Now, thanks in part to the ring interconnect, he contends: "The addition and removal of cores, caches, and graphics blocks is quite easy in this architecture because it's so regular and it was designed up-front to be able to easily support different products."
The ring is an ingenious beast. For one thing, as Kahn explains: "The ring itself is really not a [single] ring: we have four different rings: a 32-byte data ring, so every cache-line transfer — because a cache line is 64 bytes — every cache line is two packets on the ring. We have a separate request ring, and acknowledge ring, and a [cache] snoop ring — they're used, each one of these, for separate phases of a transaction."
One nifty element of the design, and one that adds to Sandy Bridge's modularity, is the fact, as Kahn explained: "Each one of our stops on the ring is actually one clock, so we can run at core frequency between each of the cache boxes. Each time we step on the ring it's one clock."
What's modulicious and scalariffic about that is "when the cores scale up, and they want high performance and high bandwidth and low latency," he said, "the cache box and the ring scale up with it, running at exactly the same frequency so you get shorter latencies." In other words, if you increase the clock speed of the compute cores, you increase the clock speed of the ring right along with them.
While the ring may seem simple in concept, it's silicon-intensive in implementation. "We have massive routing," Kahn says. "The ring itself is more than a thousand wires, but the designers have found a way to route this over the last-level cache in a way that doesn't take up any more space."
The way that the ring interconnect communicates with the chip's various elements adds to Sandy Bridge's modularity and scalability, as well, since it doesn't really care how many cores and cache boxes it's talking to.
Kahn explained that you should "think about the ring as like a train going along with cargo," and that a ring slot without data is analogous to a boxcar without cargo. "So how do I know if I can get on the ring?" he asked, then answered: "In other busses we call that 'arbitration'. And the arbitration here is pretty simple."
How simple? Very simple. "If the train's coming along and that slot is empty... I can get on. So the decision is totally local. I don't need to see what is happening at any other place on the ring in order to know if I can get on the ring. That is 'distributed arbitration' — that makes it very simple, very localized, and very scalable."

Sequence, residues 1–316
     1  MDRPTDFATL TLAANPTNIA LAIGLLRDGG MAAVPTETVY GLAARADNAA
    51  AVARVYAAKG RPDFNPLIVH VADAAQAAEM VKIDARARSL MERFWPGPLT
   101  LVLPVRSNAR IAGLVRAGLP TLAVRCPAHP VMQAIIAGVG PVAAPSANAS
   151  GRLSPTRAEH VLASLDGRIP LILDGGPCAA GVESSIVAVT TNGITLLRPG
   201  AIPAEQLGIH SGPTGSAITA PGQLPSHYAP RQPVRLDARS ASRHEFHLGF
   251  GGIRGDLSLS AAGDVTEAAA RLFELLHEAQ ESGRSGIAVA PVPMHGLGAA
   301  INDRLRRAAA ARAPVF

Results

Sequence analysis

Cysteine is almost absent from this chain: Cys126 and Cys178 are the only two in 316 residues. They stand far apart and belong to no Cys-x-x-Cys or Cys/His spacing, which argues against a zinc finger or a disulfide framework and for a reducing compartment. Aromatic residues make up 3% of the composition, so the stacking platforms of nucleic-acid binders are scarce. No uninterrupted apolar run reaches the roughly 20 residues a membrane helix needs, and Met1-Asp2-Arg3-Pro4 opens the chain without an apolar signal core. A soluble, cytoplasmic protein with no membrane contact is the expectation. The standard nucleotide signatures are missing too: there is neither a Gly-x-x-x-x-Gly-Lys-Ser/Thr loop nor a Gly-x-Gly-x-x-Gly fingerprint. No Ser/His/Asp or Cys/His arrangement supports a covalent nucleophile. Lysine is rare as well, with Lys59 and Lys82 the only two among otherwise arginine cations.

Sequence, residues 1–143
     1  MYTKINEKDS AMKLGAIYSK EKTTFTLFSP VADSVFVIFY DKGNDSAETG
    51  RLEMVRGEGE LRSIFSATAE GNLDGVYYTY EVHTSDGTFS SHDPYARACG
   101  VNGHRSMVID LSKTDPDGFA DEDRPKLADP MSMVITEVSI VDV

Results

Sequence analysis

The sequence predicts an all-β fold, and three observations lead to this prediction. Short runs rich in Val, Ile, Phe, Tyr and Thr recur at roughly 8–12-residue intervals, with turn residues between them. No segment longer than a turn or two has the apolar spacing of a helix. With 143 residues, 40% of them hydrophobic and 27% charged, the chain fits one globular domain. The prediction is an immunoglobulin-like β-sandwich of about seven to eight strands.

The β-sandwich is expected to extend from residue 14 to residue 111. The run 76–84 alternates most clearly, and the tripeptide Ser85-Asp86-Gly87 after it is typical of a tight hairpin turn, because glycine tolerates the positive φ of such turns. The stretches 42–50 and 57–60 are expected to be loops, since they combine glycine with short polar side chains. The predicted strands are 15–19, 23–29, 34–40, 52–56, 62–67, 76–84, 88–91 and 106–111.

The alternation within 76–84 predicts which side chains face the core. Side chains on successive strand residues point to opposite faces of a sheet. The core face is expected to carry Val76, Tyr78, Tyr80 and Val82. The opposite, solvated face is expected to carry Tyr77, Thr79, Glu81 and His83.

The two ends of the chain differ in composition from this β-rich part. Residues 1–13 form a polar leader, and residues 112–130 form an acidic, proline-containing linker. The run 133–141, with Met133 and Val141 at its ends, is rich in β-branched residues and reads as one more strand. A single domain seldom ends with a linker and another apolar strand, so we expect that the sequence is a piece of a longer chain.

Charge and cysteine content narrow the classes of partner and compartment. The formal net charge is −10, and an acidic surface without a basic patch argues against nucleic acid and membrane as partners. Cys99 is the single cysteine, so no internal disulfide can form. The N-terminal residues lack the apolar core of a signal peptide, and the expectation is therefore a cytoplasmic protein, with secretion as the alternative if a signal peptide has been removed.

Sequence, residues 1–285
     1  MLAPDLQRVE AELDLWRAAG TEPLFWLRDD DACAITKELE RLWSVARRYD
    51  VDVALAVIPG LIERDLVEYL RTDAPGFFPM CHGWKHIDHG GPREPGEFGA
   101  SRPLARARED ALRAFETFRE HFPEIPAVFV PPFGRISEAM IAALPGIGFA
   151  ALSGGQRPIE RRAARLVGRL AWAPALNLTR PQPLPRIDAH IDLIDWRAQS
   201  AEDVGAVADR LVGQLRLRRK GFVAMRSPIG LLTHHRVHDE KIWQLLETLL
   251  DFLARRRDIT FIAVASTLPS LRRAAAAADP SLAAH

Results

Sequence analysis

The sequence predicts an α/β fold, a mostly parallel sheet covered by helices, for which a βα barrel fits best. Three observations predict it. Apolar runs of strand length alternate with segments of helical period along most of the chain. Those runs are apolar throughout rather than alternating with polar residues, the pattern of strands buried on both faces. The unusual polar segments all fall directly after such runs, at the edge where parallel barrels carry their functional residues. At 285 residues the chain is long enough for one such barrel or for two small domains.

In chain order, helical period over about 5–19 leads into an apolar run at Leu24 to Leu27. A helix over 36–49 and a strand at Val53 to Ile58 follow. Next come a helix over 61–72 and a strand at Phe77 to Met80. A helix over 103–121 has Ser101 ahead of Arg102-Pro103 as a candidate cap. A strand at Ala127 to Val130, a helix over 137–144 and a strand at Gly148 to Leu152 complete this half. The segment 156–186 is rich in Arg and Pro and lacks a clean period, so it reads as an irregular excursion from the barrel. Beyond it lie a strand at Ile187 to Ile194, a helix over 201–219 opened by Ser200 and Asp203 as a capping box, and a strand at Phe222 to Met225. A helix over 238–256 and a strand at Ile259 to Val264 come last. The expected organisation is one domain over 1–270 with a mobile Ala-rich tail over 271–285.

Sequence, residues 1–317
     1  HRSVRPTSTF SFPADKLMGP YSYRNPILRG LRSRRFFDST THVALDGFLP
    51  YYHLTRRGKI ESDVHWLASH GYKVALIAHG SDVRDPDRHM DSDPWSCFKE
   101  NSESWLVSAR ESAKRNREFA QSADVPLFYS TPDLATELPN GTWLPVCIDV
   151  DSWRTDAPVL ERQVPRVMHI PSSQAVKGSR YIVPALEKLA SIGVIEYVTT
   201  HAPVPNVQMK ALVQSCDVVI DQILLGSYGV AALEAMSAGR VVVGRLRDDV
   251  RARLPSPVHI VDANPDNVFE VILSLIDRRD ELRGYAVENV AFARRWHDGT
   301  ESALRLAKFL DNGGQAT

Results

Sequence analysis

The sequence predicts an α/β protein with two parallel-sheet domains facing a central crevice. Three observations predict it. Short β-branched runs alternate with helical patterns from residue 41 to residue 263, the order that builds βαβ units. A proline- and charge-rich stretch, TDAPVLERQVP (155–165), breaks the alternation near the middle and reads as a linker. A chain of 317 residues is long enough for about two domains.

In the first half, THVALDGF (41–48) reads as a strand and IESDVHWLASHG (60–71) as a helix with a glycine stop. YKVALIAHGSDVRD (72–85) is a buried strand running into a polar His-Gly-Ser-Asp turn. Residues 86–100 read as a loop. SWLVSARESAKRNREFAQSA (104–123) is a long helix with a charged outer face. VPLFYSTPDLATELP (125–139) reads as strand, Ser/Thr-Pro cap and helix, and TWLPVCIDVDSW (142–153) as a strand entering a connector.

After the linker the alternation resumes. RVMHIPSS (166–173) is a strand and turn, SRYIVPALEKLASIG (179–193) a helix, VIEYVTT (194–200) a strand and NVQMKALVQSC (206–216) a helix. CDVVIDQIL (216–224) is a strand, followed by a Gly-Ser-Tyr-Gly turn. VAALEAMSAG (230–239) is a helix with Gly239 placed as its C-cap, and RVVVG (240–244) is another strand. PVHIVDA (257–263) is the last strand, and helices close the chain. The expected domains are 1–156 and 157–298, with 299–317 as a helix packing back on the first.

Sandy Bridge's arbitration is far more scalable than than other methods. "If we had a central arbiter that looked at everything that was happening and decided what happens in the next clock," Kahn said, "then that wouldn't scale up to, let's say, some future implementation with 10 cores or 16 cores because there'd be too many decisions, too many inputs, and too many outputs."
And the distributed arbitration scheme works for all of the rings, not just for data: "If you're a core and you want to get on the ring and go over there," Kahn says, all that core has to do is ask: "'Is this slot empty on this ring? I can get on it.' Of course, each separate ring — we have four rings — so each one of them have their own slots, and if it's a data request it's going to look only at the data ring to get on, and so forth."
The new ring interconnect, according to Kahn, has a bright future: "This ring, in a very similar implementation, is going to go in the Sandy Bridge-EP and -EX with their large numbers of cores, and we see this ring scaling forward into the next generation as well."
And not just the next generation: "We actually believe this architecture is going to be scalable into any forseeable future that we have with Intel for the client space," Kahn said, "and, believe me, we are looking quite far ahead into the future, and we're going to be able to maintain this ring architecture for a long time."
That future will include multiple client and server Sandy Bridge parts, chips based on its follow-on Ivy Bridge, and beyond, and it will involve scaling up and down the number of core and cache-box modules, and swapping out integrated-graphics modules with more or less powerful units. ®